Home : Quarterly Archives : Volume 44
Tredyffrin Easttown Historical Society
Source: Winter/Spring 2007 Volume 44 Numbers 1&2, Pages 43–45
Lime, made by burning limestone, has been a valuable commodity since the creation of Pennsylvania. Initially it was used in mortar, then as a whitewash for houses, and later to sweeten farmer's fields (by reducing the acidity of the soil) and for roads. Tredyffrin has an abundance of high-quality limestone in the Great Valley. By the 1750s sale advertisements for local farms in the township mention limestone quarries and kilns.
The growth of the limestone quarrying industry was limited in the early days by the poor transportation. Wagon use was limited and costly due to the poor condition of the roads. This also curbed the ability to bring in coal to fire the kilns. The transportation situation improved with the opening of the Chester Valley Railroad in 1853.
The Cedar Hollow Lime Company was formed in 1855. A 2 mile spur rail line was built from the Chester Valley Railroad to the quarries.
Originally kilns dug into the side of banks were used to burn the limestone. They were replaced by pot or shaft kilns that were fueled via long chutes. Most of the work was manual with the limestone being crushed by sledge hammers and coal loaded onto the chutes by hand.
In 1864 a hundred carloads of lime were being shipped every month. By 1884 the company had 30 employees, expanding to 40 employees by 1899. The quarries covered an area of 218 acres in 1898, partially in Tredyffrin Township, but mainly in East Whiteland.
In 1900 the Charles Warner Company took over the quarries. The new company modernized the plant, installing a hoist for loading the kilns. Electrical power was used for the first time, and a stone crusher that could handle 1,000 tons a day was installed.
Immigrants from many countries, especially Italy, were brought in to work in the quarries. The company built homes for the workers and sponsored an Americanization program. There was also a political dimension in that the owners only allowed Republicans to work in the quarries.
The limestone in the Great Valley is dolomitic limestone, chemically calcium magnesium carbonate. In 1943 the U.S. government constructed a plant at Cedar Hollow to manufacture magnesite from the limestone to be used in the production of refractory bricks for steel plants. This plant was then sold after the end of World War II.
Two developments in the 1970s and 1980s eventually led to the closing of the quarry. Environmental concerns grew about water pollution and solid waste disposal. In response the company had to implement environmental controls. The company also ran out of the highest quality stone and requested to quarry another 180 feet deeper. Due to concerns about the effects of this deeper digging on the water table and on the foundations of the historic St. Peter's Church (situated on the edge of the quarry) the request was not approved.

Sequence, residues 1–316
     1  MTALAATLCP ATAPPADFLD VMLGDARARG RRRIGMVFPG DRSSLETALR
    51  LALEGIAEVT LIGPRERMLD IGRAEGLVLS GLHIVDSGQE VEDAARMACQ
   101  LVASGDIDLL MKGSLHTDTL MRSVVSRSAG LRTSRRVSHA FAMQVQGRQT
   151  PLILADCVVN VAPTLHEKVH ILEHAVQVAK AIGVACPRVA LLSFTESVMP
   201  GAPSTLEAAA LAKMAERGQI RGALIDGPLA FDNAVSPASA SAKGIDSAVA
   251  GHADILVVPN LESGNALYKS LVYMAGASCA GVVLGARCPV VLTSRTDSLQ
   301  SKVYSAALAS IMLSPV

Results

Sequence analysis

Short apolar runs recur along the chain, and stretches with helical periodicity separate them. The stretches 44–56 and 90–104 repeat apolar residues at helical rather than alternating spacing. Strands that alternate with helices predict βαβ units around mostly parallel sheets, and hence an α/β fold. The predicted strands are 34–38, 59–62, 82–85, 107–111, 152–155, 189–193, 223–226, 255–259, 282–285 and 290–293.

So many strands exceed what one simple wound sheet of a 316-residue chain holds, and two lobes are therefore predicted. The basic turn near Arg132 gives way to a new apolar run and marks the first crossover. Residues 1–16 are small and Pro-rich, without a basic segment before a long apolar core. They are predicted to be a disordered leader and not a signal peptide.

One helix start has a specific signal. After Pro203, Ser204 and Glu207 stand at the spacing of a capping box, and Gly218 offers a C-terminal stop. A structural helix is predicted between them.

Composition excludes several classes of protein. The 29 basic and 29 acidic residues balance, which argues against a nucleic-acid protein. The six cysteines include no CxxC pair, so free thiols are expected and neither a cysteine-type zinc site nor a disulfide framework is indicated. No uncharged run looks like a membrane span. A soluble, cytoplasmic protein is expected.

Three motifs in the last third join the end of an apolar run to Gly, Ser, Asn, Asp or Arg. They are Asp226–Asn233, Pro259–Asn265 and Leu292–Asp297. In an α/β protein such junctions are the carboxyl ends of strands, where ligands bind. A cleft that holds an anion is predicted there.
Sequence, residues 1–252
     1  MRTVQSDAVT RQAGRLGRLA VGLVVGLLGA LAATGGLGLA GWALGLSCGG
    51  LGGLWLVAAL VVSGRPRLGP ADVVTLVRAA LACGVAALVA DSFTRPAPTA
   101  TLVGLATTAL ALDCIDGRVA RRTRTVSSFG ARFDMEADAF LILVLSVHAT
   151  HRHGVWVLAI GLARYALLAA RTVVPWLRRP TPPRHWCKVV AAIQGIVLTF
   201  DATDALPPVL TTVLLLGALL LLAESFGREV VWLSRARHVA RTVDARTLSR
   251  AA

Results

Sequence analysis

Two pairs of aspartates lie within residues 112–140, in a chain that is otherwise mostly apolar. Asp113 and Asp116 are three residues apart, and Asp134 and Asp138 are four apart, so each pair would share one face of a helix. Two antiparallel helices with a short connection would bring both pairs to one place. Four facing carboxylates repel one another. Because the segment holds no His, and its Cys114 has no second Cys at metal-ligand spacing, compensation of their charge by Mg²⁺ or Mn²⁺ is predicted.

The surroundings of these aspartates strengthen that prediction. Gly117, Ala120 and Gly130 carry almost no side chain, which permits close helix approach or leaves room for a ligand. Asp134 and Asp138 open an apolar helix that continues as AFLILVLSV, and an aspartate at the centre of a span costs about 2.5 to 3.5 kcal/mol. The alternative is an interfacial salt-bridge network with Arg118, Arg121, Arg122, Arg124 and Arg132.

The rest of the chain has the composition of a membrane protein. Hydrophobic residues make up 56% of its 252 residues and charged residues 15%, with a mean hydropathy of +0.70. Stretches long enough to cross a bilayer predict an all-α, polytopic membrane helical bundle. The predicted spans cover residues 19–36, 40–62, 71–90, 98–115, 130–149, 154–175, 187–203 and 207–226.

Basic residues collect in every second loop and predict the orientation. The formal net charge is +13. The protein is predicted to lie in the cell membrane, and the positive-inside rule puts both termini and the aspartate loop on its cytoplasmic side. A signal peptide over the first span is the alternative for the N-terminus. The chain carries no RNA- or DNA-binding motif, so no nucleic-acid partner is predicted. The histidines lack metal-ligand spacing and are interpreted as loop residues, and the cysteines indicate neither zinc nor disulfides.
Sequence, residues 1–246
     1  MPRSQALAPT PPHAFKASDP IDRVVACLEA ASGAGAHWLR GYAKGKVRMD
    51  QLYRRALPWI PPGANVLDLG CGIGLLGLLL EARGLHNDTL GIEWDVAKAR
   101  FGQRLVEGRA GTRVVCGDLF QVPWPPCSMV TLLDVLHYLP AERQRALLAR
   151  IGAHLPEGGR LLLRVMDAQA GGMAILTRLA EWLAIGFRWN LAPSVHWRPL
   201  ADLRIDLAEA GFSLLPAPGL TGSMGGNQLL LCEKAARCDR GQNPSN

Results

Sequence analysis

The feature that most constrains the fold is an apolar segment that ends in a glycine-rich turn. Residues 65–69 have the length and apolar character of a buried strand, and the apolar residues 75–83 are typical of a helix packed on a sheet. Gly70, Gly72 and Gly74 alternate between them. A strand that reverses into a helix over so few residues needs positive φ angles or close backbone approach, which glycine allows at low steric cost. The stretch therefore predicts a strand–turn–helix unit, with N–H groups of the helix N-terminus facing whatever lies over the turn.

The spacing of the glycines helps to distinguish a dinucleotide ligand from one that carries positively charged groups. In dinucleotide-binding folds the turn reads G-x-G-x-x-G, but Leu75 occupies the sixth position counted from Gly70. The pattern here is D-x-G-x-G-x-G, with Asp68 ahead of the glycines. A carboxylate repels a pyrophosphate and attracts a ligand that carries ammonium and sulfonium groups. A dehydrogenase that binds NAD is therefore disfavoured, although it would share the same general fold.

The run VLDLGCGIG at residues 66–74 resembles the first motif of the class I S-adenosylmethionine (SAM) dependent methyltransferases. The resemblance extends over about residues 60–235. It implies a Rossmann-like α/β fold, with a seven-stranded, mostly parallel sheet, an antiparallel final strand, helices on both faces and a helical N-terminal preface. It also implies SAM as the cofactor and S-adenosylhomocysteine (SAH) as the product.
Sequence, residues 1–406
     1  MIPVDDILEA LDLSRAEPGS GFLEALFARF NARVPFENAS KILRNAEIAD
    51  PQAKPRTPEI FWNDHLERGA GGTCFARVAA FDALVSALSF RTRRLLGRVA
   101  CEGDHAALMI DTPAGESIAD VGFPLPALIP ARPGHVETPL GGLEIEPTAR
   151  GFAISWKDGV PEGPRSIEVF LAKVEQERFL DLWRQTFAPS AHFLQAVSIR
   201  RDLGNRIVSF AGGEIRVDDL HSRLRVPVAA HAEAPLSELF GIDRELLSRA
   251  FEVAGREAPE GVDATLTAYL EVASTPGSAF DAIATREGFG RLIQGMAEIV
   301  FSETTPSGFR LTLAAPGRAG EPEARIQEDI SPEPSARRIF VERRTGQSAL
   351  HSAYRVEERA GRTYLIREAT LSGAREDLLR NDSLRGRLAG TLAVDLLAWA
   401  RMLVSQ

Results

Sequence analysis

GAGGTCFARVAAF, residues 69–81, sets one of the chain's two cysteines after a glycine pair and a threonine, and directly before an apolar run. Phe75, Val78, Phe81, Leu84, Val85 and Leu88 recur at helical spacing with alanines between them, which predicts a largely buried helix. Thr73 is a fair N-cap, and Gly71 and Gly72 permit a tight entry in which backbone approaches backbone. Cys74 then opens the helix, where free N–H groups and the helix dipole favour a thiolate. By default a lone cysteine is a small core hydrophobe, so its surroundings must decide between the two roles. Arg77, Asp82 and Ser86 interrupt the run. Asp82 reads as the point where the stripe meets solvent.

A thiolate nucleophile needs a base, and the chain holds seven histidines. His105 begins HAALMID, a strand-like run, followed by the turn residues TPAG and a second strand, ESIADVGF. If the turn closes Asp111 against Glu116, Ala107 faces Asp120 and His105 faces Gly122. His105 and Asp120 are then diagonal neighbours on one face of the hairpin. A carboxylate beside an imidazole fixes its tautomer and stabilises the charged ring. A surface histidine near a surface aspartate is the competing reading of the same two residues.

The Warner Company sold out to Waste Management Inc. in 1989. The new company continued the operation for a few years before closing down. In 2000 the Trammel Crow Company purchased the site and announced plans for the Atwater Corporate Park with 2.5 million square feet of office space. The eastern end of the property along Valley Creek was sold to the Open Land Conservancy. The development of the corporate park is still ongoing.
The Howellville limestone quarries, like Cedar Hollow, entered their busiest period after the Chester Valley Railroad came into operation. The railroad ran close to the quarries so that only short spur lines were needed to provide service.
There were seven, or more, quarries in Howellville. The Dyer/Lavino operation was west of the center of Howellville in what is now the Daylesford Lake community. The Johnson quarries are now part of the Westlakes Corporate Park, and Rennyson quarries are part of Berwyn Park.
Work in the quarries attracted immigrants, initially from Italy, and later from Mexico. These quarries never recovered from the slump of the 1930s depression.
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